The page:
00:29 GMT04 April 2020
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    The situation in the Swedish penitentiary system has been described as “serious”, with hundreds of inmates sharing rooms and bunk beds, and hundreds of convicts standing in line to serve their sentences. Incidentally, about 30 percent of inmates are foreigners.

    To alleviate the ballooning problem of overcrowded prisons, Sweden plans to send more foreign nationals to their respective home countries to serve their sentences there.

    The government has proposed a legislative change to facilitate the transfer of convicts to other countries.

    “The prisons are overcrowded, so it is reasonable that more of those who are not Swedish citizens actually serve their prison sentences in their home countries”, Interior Minister Mikael Damberg of the ruling Social Democrat party told national broadcaster SVT.

    He stressed the urgency for the Prison and Probation Service and the courts to speed up the process. According to the proposed changes, in cases where the convicted person consented to be transferred to another country, it should no longer be possible to appeal the decision.

    The proposed change is rooted, among other things, in the EU's rules on the enforcement of prison sentences that came into force in 2015.

    “We see that today there are about 400 EU citizens from countries outside the Nordic countries in Swedish prisons. Many of them could have been transferred to their home countries and serve their sentences there”, Mikael Damberg said.

    According to Damberg, the situation with concluded agreements that allow for prisoner transfer is gradually improving.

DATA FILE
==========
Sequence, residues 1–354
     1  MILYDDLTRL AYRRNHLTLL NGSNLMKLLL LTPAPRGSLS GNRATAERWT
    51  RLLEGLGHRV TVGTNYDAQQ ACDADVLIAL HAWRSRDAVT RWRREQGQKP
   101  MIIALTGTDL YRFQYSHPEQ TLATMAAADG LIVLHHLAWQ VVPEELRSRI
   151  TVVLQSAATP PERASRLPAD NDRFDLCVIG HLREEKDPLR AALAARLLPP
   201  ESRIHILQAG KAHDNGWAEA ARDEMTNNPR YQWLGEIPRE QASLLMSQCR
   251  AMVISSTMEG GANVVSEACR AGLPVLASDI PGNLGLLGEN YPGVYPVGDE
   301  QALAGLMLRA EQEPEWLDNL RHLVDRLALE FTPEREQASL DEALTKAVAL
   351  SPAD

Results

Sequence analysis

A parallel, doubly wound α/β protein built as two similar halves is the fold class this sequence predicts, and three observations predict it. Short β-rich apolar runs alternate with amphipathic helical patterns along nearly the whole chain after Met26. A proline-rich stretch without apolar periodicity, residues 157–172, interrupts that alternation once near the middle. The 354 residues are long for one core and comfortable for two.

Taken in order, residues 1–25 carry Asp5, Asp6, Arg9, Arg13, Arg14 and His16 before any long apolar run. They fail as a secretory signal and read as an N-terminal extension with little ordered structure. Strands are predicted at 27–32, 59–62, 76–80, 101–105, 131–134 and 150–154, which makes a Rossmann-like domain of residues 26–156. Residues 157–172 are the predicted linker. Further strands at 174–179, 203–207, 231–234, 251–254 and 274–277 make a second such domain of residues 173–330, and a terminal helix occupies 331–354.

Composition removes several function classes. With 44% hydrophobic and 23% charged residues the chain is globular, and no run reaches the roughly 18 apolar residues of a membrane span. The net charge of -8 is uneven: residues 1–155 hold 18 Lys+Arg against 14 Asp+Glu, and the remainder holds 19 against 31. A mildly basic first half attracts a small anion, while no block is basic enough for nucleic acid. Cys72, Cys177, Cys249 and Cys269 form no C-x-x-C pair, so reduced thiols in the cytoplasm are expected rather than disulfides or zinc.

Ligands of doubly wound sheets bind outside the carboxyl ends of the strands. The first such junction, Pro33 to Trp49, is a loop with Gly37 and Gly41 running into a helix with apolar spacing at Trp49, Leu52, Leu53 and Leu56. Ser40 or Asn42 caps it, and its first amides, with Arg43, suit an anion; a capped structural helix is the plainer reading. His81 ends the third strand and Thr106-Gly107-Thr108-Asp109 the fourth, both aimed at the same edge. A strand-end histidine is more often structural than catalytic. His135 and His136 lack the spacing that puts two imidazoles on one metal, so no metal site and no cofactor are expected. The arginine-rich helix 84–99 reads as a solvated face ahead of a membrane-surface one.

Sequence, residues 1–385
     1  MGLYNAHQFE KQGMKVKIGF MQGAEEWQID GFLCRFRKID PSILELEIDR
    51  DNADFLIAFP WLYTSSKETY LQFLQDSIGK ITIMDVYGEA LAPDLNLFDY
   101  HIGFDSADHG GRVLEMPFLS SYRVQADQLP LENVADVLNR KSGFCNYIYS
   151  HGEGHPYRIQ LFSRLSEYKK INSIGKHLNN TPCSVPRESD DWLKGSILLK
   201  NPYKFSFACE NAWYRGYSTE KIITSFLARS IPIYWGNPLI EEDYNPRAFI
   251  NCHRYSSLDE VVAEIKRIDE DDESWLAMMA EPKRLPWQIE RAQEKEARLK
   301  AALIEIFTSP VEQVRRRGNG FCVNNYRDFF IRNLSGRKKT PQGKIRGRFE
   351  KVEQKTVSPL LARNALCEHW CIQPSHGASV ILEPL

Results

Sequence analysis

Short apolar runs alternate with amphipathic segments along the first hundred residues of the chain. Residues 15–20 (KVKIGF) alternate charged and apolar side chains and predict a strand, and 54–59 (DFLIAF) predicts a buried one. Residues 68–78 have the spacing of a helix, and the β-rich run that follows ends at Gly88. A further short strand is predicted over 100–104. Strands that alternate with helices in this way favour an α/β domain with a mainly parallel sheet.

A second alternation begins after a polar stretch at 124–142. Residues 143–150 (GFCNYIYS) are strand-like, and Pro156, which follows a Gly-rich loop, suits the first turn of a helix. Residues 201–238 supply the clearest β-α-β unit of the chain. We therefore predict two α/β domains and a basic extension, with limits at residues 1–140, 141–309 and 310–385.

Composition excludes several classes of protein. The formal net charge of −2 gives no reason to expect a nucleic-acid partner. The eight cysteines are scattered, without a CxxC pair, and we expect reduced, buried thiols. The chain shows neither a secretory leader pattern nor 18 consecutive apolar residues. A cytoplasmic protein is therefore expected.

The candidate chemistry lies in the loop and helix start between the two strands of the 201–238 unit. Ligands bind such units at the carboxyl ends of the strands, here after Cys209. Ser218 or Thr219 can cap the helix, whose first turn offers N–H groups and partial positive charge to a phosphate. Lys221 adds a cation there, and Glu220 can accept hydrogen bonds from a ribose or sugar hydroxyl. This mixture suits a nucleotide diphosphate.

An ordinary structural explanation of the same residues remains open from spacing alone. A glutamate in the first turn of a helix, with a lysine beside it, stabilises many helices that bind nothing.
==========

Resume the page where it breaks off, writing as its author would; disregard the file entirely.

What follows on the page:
“We have historically had problems with some countries, but for instance Romania has improved the conditions in its prisons so that it is now fully possible to transfer there. We also have a running collaboration with Poland and Lithuania so that they will also accept shorter prison terms, so we see that it is going in the right direction”, Mikael Damberg said.

    The situation in Swedish prisons has previously been described as serious, with hundreds of inmates sharing rooms and bunk beds and further hundreds of convicts standing in line to serve their sentences.

    “This is a serious situation, and there has been an increased influx of clients over the last two years. For a long time we had a declining client inflow, but now we have a new situation where we need to increase our capacity”, Lennart Palmgren of the Prison and Probation Service told Swedish Radio.

    According to the Swedish Prison and Probation Service, a total 4,393 of inmates were registered in the country's jails as of 1 October 2018. Some 1,319 or about 30 percent of them lacked Swedish citizenship.


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